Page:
“It has to be easier for people with penises. Does this person get you hard? Yes? Done. I used to think boners literally pointed in the direction of the person you’re attracted to, like a compass.”

This book keeps you laughing on every page. Leah’s hilarious narration makes real life situations more interesting. I always found myself relating to her inner-monologue. She says what we’re all thinking. She calls people out when they deserve it and is the modern-day hero we’ve been looking for. She’s also human, she has flaws. She easily lets her feelings get the best of her. The story begins with Leah’s disinterest in a girl that used to be her friend. A girl upon who she develops a crush. A straight girl. When things don’t turn out the way she wants them to, she gets angry and defensive. The teenage angst is so relatable (we’ve all been there). It’s easy to get angry when someone doesn’t (or is incapable of) liking you back. But, this book isn’t just about Leah and her crush. It’s about all relationships. Leah struggles to come to terms with her mother’s relationship and we get to see more of Simon and Bram together, who are just as cute as they were in the first book.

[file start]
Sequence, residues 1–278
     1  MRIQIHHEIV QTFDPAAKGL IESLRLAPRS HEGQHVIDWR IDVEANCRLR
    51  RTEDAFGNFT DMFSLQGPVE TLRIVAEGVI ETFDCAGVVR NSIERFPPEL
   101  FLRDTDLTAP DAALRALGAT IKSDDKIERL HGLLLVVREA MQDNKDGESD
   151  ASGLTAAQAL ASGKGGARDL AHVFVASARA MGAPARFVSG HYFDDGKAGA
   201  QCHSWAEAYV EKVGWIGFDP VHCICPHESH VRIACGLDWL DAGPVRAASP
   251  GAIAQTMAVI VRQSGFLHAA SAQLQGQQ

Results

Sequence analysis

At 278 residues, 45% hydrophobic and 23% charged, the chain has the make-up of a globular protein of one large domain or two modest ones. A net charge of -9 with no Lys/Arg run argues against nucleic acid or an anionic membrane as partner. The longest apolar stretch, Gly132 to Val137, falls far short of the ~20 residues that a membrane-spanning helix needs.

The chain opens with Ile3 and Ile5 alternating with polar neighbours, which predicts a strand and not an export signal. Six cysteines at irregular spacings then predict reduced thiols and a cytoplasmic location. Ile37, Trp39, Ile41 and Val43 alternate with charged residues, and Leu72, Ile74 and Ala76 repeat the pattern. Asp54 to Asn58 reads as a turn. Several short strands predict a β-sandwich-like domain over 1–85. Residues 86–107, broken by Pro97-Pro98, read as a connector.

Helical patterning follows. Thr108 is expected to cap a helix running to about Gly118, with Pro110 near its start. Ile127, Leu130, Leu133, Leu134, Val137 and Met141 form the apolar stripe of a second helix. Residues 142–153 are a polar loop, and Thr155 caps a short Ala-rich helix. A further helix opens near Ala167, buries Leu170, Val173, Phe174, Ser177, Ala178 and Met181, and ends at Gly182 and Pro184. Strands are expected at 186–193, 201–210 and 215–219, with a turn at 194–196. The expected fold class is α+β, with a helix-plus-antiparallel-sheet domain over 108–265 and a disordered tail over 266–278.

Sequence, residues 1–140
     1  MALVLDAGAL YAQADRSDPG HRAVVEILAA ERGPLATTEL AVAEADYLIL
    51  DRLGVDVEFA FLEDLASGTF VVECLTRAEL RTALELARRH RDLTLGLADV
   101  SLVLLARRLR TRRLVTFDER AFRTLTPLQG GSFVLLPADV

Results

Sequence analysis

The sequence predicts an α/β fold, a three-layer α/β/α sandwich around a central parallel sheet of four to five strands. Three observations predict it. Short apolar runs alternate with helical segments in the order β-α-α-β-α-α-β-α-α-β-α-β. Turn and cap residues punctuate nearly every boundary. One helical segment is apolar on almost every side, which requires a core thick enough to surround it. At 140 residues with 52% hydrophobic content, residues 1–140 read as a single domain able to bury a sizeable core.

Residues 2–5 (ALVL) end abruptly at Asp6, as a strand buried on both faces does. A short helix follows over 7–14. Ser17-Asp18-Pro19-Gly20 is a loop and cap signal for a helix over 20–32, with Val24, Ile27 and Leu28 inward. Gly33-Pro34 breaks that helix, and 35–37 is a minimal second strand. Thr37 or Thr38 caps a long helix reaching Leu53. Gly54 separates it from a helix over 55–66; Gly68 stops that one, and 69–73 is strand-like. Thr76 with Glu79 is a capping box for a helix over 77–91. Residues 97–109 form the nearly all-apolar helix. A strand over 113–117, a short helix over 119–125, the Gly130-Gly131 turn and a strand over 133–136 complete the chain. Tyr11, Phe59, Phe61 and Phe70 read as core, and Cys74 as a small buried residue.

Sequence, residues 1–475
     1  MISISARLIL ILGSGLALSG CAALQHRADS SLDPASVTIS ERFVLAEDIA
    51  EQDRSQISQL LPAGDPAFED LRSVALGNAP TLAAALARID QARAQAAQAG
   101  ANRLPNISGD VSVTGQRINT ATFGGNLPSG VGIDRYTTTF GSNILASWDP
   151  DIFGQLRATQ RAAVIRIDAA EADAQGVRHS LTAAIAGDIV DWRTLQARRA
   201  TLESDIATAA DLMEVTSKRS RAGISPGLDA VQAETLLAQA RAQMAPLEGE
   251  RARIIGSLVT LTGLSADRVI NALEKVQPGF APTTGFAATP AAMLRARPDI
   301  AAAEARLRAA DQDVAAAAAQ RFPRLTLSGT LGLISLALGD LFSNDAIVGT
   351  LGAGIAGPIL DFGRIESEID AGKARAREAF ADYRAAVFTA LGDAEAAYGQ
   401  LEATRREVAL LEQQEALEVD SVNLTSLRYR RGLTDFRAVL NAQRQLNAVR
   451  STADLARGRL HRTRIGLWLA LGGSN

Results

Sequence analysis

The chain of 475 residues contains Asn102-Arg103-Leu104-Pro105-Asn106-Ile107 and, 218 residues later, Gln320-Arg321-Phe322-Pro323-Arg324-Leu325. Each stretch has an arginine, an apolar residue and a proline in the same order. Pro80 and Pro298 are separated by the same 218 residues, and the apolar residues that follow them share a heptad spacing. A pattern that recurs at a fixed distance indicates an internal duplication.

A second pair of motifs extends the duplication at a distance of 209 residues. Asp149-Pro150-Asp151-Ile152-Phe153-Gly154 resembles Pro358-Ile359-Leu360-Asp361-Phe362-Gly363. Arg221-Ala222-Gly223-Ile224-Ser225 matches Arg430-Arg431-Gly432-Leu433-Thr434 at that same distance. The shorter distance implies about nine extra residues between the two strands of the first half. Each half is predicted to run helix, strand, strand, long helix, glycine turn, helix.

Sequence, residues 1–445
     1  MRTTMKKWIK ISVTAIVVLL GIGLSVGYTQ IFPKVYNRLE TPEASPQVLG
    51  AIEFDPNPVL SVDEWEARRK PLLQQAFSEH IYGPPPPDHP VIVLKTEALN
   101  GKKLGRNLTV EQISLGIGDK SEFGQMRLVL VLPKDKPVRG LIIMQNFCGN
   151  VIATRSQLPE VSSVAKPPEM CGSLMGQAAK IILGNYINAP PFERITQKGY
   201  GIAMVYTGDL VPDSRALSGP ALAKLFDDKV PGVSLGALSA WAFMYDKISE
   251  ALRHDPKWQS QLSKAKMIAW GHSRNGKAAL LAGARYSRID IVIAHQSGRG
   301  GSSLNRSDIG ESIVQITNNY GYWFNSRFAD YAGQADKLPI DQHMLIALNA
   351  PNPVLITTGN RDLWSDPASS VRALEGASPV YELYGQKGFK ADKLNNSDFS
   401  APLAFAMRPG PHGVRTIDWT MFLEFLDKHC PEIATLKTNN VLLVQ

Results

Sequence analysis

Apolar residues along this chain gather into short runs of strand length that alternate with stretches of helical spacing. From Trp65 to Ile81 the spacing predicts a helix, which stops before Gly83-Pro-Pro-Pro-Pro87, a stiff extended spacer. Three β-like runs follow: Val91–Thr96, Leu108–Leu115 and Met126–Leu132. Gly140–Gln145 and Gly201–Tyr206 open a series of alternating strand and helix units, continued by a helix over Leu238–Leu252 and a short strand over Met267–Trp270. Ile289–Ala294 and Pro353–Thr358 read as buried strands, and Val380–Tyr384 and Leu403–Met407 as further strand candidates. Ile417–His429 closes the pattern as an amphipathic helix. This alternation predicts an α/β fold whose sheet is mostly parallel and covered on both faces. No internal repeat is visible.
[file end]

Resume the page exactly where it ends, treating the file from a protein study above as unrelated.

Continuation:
“…That’s why bi girls exist, Garrett. For your masturbatory fantasies.”

Leah and the Offbeat, while focusing mainly on Leah’s sexuality, isn’t only about that. It’s about so much more. Leah is so much more than just a bisexual. She’s funny, smart and has a huge attitude. I loved watching her grow as a person throughout the book.

I’m a sucker for a good romance so I was dying to know how everything would unfold. I couldn’t put it down. There were some slow parts of the novel; but there weren’t any scenes where I was bored. Everything that was in the book was important. Nothing was there just to fill up the pages. It’s well written and the story flows nicely together.

You’re not fat. You look amazing. Because fat is the opposite of amazing. Got it.”

This is the most honest high school story I have ever read. I always felt like I was witnessing real conversations, like I was hearing them in passing in the high school hallway. Everything about this book is very authentic. It was easy to get lost in the story. Leah, especially, is very real. She reacts like any moody teenage girl would and I could easily picture her being a real person. She is three-dimensional and much more than just her sexuality. Leah is a character I have definitely fallen in love with.

Overall, I really enjoyed reading Leah on the Offbeat. From the first page, I knew it would be a good read. It started off with a bang and held my interest the entire time. I would definitely recommend this book.

Were-About-It Book Review: Leah on the Offbeat